“The way our organisations are structured, and the way the gender system is built into the walls, the floors and the ceilings of an organisation, that reminds [them] every day that this [way of working] needs to be my primary focus if I’m going to get ahead in this organisation,” Broderick says. “You become institutionalised, so that [underscores] the importance of shifting institutions. That takes courageous leadership.”

On that note, I have clearly used all of my allotted time and Broderick needs to rush off to a meeting. The staff have been extremely patient with us, given there is only room for about four people to sit down inside (there are a few seats outside) and we have been there for well over an hour. I feel like the bill should have been more than $20.60.

So there you have it.  Elizabeth Broderick and Sally Patten spent well over an hour eating a sandwich each and sipping tea while occupying half the available indoor space in Wilson Café.

Sally Patten thought that the bill should have been more than $20.60 – but she paid the meagre amount anyway.  According to the report, no tip was left for the staff who were extremely patient while the dynamic duo solved the world’s problems at about $15 an hour. Surely Comrade Patten could have slapped down a $50 note as a way of saying “thanks”.  But no.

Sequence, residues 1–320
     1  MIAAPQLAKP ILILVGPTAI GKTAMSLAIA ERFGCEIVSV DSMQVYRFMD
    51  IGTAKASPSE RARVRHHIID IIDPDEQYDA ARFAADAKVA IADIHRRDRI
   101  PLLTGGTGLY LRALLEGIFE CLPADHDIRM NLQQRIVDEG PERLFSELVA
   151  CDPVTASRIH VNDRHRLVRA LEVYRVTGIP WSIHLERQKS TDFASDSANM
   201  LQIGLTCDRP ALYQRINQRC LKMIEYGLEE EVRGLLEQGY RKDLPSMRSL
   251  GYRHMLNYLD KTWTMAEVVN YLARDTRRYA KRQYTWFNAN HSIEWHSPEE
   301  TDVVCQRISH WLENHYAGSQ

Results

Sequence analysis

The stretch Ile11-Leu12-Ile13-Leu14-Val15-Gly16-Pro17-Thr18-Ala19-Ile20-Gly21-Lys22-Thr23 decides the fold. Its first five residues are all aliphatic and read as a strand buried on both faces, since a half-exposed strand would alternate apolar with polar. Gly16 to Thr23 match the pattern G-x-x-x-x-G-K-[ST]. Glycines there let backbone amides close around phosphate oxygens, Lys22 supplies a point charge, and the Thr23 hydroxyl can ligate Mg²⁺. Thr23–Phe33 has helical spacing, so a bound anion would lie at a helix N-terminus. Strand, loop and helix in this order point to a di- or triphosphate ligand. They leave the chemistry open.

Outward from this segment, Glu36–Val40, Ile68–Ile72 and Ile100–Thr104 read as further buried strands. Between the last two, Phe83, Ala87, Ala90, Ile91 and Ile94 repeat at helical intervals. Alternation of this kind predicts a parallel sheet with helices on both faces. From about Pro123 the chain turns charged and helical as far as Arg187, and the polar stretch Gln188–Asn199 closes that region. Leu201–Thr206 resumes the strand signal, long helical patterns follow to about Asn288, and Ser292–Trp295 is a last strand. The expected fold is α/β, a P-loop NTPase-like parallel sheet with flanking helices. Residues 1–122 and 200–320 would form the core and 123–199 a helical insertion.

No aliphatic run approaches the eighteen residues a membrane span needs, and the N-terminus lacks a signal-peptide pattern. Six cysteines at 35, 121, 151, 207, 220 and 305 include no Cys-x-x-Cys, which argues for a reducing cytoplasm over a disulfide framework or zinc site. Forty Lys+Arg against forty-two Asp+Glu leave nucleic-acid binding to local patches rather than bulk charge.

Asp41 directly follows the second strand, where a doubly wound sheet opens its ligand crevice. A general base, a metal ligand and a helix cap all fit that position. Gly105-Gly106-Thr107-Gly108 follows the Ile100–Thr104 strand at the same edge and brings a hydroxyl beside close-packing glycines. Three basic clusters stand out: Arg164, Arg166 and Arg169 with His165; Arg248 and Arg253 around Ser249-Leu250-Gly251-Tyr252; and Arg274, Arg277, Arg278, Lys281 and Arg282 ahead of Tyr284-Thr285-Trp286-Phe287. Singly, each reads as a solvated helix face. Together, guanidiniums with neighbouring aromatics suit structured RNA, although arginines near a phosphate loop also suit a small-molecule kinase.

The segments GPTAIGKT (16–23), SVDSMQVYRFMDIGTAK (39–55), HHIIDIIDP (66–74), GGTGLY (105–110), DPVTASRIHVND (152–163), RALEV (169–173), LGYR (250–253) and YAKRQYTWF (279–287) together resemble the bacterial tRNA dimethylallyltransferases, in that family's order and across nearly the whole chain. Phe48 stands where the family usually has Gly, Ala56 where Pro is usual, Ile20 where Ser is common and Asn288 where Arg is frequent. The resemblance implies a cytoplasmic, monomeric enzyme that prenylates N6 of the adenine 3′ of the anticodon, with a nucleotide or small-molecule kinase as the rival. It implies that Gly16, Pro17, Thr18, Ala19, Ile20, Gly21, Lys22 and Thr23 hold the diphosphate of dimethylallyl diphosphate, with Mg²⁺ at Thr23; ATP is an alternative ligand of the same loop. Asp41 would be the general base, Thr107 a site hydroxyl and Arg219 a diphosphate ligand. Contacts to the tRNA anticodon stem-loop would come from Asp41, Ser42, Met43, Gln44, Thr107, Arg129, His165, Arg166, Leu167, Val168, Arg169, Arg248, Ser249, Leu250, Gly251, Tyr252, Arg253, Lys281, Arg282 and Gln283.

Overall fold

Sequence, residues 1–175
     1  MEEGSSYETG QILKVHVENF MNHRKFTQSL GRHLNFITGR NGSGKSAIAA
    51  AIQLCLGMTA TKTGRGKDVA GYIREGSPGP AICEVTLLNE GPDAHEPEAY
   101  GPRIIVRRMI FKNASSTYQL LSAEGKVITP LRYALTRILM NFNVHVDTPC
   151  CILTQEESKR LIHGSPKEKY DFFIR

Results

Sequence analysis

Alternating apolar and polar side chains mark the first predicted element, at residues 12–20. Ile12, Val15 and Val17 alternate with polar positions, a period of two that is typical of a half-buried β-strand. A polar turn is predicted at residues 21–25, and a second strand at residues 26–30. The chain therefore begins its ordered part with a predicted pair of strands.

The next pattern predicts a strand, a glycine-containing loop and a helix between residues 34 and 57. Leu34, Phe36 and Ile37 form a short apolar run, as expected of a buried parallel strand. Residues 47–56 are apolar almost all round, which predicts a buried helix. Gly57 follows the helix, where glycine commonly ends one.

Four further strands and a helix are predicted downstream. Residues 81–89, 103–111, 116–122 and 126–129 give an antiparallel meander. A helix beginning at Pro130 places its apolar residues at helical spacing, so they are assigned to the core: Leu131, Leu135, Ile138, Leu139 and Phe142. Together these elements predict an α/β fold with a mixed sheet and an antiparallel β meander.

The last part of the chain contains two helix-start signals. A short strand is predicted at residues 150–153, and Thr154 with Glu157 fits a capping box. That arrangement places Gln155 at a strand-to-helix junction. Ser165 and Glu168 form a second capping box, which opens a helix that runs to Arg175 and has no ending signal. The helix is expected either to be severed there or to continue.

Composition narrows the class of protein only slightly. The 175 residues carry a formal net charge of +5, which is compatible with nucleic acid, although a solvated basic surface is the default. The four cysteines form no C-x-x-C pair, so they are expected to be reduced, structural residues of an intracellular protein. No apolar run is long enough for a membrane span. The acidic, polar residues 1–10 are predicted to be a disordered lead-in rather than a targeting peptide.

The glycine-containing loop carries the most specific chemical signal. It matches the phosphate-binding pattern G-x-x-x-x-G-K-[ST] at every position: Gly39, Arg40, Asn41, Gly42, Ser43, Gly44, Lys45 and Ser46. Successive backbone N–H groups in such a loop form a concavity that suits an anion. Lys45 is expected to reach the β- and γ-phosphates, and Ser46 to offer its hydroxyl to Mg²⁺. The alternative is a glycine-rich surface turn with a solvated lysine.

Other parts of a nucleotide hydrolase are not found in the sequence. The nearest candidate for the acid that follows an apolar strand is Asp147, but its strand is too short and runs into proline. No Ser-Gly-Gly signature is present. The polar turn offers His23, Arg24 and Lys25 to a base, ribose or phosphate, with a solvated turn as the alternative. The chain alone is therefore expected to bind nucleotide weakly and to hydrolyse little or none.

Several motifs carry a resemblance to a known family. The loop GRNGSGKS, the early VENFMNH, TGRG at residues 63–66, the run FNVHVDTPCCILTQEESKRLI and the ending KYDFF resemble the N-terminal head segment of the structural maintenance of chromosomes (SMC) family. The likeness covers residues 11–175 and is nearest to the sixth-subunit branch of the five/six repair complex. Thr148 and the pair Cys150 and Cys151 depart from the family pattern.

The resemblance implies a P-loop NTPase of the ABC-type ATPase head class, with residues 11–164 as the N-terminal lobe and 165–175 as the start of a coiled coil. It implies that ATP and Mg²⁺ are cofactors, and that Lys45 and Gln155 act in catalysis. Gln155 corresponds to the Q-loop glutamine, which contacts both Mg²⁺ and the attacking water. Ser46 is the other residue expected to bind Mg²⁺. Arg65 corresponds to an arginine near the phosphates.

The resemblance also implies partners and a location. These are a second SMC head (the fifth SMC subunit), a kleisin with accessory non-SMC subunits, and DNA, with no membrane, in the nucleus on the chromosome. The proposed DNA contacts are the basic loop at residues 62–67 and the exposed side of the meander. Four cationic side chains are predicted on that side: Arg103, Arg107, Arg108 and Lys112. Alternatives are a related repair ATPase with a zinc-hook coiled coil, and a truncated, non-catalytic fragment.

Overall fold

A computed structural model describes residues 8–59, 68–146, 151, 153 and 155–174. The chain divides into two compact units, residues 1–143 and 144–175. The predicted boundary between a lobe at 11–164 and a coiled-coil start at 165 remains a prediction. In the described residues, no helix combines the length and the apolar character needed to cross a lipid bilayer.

How lousy can The Weekend Fin get?

[I’m so pleased that Jackie’s (male) co-owner knocked back one of these lunch invitations in recent years.  The (attempted) host was Tony Walker.  Sure, Hendo’s motives may not have amounted to a protest about the AFR’s unwillingness to provide tips for lowly paid restaurant staff. Sure, it might have been more about the fact that Hendo did not want to let AFR readers know (if readers there are) about how many bottles of Holy Water might have been consumed.  But the outcome was wise. Lunch with The Weekend Fin  is best avoided. – MWD Editor.]


While on the topic of faux lunches put on by Nine Newspapers – did anyone read about the Sydney Morning Herald’s “Lunch with Michael Brissenden” on Saturday?  It seems that Nine’s journalists can be found hanging out around lunch-time in inner-city Sydney restaurants.  And so it came to pass that Michael Brissenden (of the inner-city ABC) had lunch with Michael Ruffles (of the, until recently, inner-city Sydney Morning Herald) at The Erko at 102 Erskineville Road in inner-city Erskineville.